Costs of Massachusetts Health Care Overhaul Rising Above Projections
Massachusetts officials expect the state's health care reform effort to exceed the original budget for the program by about $245 million this year and another $400 million next year, largely because more people than expected are enrolling in state-subsidized coverage options, the Boston Globe reports.
Under the 2006 law, state residents must have health insurance or face a penalty on their state income tax.
Officials projected 140,000 state residents would enroll in the state-backed plan, but enrollment is expected to hit 225,000 by June 2009. As of December 2007, 169,000 people had enrolled in the plan.
Massachusetts Gov. Deval Patrick (D) said he is committed to maintaining state funding for the health care overhaul, describing the numbers he used in his state budget proposal.
Last year, the state Legislature approved the governor's funding recommendation for the health care program. A final budget is expected by the end of June.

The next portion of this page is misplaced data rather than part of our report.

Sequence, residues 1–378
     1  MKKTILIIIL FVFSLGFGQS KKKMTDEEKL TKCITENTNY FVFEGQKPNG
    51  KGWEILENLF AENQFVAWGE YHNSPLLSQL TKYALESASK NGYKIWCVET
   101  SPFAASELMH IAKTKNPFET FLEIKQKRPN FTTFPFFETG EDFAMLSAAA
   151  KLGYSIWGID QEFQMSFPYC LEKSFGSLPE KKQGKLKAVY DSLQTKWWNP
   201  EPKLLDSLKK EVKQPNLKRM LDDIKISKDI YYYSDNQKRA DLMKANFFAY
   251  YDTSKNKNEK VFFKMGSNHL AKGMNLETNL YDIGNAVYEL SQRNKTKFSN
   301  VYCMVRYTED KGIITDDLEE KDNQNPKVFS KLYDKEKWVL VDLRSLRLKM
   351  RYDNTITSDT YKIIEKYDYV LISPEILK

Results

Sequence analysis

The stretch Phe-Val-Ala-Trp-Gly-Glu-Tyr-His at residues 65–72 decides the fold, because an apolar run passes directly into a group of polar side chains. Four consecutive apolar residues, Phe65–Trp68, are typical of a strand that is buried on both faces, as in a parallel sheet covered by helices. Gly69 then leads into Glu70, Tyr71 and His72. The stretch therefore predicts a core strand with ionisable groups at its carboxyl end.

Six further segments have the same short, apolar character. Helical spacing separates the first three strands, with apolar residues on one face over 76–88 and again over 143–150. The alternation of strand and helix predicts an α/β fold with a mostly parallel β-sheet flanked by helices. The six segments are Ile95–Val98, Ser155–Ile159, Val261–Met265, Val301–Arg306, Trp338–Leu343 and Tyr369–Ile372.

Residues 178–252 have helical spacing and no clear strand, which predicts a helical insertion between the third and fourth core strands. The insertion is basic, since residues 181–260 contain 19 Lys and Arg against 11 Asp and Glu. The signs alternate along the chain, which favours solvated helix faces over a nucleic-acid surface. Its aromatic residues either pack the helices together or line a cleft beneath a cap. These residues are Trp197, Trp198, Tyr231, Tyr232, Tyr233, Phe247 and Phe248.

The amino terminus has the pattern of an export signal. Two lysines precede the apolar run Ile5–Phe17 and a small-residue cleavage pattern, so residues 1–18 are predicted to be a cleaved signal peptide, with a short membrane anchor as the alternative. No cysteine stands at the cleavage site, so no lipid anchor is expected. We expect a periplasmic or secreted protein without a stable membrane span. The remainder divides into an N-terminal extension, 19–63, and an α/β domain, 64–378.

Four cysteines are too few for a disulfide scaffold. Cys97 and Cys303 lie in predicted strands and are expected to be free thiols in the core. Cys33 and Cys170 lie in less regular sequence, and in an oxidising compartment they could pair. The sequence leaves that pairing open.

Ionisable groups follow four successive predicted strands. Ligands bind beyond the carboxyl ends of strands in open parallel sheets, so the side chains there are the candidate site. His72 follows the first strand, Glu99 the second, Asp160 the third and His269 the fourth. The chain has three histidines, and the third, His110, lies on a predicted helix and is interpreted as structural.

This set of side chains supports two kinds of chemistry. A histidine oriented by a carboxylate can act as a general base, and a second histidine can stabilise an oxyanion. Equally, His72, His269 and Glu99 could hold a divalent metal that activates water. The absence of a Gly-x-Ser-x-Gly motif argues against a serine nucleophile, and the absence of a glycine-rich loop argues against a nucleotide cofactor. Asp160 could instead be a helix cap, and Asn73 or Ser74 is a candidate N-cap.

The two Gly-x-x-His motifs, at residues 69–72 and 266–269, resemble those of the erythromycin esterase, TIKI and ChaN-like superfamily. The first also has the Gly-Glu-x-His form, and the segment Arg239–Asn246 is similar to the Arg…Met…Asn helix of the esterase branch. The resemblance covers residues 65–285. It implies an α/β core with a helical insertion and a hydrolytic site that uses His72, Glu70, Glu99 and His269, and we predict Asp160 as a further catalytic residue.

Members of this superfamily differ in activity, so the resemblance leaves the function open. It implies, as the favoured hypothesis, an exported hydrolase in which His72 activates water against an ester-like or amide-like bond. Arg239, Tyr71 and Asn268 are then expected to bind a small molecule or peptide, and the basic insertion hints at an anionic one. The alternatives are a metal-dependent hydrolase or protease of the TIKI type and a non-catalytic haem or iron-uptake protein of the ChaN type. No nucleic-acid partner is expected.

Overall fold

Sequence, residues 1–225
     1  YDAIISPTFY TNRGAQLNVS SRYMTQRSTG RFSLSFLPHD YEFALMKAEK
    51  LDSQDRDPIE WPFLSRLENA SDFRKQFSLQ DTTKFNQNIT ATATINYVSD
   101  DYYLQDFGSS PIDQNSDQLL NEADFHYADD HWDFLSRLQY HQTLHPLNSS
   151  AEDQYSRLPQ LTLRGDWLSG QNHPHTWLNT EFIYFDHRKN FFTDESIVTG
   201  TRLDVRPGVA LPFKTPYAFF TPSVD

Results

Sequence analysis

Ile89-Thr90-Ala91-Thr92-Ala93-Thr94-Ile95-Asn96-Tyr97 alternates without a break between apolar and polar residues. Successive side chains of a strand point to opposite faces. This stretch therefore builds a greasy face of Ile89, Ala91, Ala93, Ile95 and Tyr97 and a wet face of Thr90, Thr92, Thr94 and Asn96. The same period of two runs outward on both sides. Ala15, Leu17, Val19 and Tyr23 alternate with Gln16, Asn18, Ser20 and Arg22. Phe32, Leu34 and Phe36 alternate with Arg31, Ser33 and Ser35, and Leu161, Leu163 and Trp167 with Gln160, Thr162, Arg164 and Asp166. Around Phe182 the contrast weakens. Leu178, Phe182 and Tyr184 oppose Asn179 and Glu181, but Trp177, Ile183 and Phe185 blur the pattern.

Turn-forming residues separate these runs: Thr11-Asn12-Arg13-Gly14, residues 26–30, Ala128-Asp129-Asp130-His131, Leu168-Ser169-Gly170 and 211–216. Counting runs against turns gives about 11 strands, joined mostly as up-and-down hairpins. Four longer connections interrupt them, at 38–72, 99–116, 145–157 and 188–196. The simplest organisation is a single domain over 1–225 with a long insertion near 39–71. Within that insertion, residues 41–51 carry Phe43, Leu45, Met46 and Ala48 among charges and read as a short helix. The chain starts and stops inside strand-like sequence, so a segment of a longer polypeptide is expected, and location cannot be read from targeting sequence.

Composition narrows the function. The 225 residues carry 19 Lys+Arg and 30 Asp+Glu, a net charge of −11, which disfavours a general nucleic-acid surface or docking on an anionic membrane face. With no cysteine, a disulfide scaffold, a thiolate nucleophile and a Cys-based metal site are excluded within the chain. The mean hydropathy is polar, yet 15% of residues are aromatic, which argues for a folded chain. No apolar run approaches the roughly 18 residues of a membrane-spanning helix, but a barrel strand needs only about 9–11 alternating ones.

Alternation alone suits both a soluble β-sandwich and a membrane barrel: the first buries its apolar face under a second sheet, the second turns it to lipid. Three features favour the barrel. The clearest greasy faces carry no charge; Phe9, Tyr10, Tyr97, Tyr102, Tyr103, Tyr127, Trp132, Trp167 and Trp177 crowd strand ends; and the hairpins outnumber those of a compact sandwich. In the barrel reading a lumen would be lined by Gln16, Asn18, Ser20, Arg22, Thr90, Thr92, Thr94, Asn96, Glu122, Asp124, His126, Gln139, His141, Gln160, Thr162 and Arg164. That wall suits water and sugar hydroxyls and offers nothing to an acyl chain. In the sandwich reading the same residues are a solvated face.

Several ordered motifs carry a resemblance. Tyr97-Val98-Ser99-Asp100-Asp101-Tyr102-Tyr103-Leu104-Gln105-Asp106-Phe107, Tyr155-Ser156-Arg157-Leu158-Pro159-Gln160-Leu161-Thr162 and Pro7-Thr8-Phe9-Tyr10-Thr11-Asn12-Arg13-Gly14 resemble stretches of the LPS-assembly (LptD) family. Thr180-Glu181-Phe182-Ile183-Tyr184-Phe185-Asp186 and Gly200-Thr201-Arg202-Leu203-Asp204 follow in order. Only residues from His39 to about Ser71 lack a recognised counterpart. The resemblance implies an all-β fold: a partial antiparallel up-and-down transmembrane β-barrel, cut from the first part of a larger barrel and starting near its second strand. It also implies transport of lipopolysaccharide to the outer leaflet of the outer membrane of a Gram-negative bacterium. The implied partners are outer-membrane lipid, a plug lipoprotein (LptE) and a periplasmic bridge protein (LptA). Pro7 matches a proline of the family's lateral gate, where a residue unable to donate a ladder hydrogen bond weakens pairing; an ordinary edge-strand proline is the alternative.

The state expects federal funds to cover about half of the higher-than-expected costs for the program, but Massachusetts officials have only begun negotiations with the federal government on the matter.
Massachusetts is downgrading its expectations for covering the cost of the health insurance coverage expansion with revenue from other sources.
For example, the state now expects to collect only $5 million in revenue from businesses that do not offer health care benefits to employees, down from $24 million.
In addition, Patrick's budget proposal does not count on the state being able to shift as much money as initially expected away from its fund that helps compensate for unreimbursed medical services (Dembner, Boston Globe, 1/24).